Monday, February 27, 2012

My Thoughts on...Home Mortgages

Home mortgages are a rip-off. Working in combination with credit cards, I believe they are the reason national mega-banks have the biggest buildings in major metropolitan areas. These “Goliaths” have built their empires off the backs and dollars of the uninformed and unprepared public. But rather than rant and rave like an “occupier,” I’m going to offer my anecdote: informing and empowering the same public so that we can make the best decisions for ourselves.

Personally I will never pay anyone or any entity another penny in interest ever again. I do not and will never borrow money again for the rest of my life. I cannot stand the idea of adding a monthly payment on top of paying interest rather than investing and making interest for myself.

I will admit though that most people are not as fanatical as I in their hatred of debt. So in an effort to inform I will play the “if I were to take out a mortgage” card. My ultimate goal would be to pay as little interest as possible. Arm(s), variable rates, balloons and jumbos are all out of the question. I would want to control as much as I can every month which includes the interest rate paid and the monthly minimum payment. Sure rates are at historic lows today, but why would you want to buy a variable interest rate loan when rates are at the bottom? Because take a wild guess at where they are going to go?!

Dave Ramsey advocates only taking out a 15 year fixed rate mortgage, putting at least 20% down and having monthly a minimum payment that does not exceed 25% of your household take home pay. Personally, I advocate as well with “The Ramsey Way,” but would recommend putting as much as humanly possible down. Also, when shopping for a mortgage, use fees as a screener to filter who you want to buy your loan from. If the geniuses at a bank have an option for bi-weekly payments and want to charge you a fee for the privilege, then kick them to the curb and look for someone not trying to take advantage of you. The goals here are simple: pay as little interest as possible and pay little to no fees. Putting at least 20% down helps you avoid PMI (prepaid mortgage insurance), but don’t let these bastards pick at your pockets all the way home. Between the costs associated with inspections, land surveys, appraisals, home insurance, replacement costs and earnest money, the last thing you need is the mortgage provider nickel and diming you to setup a “special payment schedule.”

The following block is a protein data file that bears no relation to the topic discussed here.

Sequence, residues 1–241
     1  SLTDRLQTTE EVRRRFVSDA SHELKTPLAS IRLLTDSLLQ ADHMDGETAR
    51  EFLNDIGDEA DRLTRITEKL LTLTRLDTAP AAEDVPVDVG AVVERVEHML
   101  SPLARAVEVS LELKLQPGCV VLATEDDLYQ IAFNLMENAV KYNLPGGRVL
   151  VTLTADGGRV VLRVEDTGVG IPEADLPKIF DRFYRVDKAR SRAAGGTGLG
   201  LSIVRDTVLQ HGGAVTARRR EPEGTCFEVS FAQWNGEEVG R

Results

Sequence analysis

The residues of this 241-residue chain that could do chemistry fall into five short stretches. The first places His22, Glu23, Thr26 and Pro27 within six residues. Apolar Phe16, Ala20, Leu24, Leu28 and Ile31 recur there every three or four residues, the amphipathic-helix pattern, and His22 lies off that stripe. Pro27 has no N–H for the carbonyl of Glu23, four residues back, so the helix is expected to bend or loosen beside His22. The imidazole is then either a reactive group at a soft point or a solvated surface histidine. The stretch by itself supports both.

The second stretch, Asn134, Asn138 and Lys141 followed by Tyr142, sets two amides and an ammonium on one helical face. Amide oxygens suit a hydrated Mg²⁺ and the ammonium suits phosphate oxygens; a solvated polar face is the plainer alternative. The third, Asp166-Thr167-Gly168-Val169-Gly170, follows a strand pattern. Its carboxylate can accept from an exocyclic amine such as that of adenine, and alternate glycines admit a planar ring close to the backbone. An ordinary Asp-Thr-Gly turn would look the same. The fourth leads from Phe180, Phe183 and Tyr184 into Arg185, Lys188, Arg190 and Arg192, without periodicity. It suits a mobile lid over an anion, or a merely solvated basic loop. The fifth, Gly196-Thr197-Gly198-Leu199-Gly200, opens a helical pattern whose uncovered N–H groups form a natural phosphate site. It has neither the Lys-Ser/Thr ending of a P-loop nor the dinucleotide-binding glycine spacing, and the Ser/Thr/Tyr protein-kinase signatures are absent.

Why a 15 over a 30 year fixed rate mortgage? In two words, interest savings. Using Dave’s handy-dandy mortgage calculator we’ll take a look at a $200,000 mortgage, using fixed rates as of today from a nation-wide mortgage lender. As of today, a 30 year fixed stands at around 3.75% If taken out today, paying monthly minimum payments of over $900, when everything is said and done and the balance stands at 0, I would have paid $133,446.41 just in interest to the lender on top of the principal borrowed: this is not a smart plan. So you see, it’s in the lender’s INTEREST to chain you inside a 30-year mortgage. The illusion of paying a lower monthly payment versus a 15-year mortgage generates more income for the lender thanks to the power of compound interest. The end result is that I ended up paying $333,446.41 over 30 years for a $200,000 home.

Onto the 15! At the same lender a 15 year fixed rate mortgage stands at 3.125% Monthly minimum payments went up to over $1,300, but the total interest paid when the balance hits 0 having only paid monthly minimums is $50,782.98
The difference between a 15 and 30 year loan on the same amount borrowed is over $80,000!!!

The last piece that I want to touch on is a myth regarding qualifying for a home mortgage if you live “Ramsey.” Yes, if you live “Ramsey” you have 0 credit cards, paid off your student loans, buy used cars, and disdain all forms of debt. So yes, a mega-bank that uses a credit score lending for dummies approach to their business will turn you down. Who will lend to you? Responsible lenders that do actual underwriting in their lending business. This means they look at meaningful financial details in your life like: historical payments on utilities and rent, your income over the past few years and that you are not taking on too big of a loan. This mean’s that you will end up shopping around with responsible regional banks, local credit unions and community banks: I.E. ENTITIES SMART ENOUGH TO STAY AWAY FROM SUB-PRIME LOANS AND LEND TO RESPONSIBLE BORROWERS.

Which is now you J

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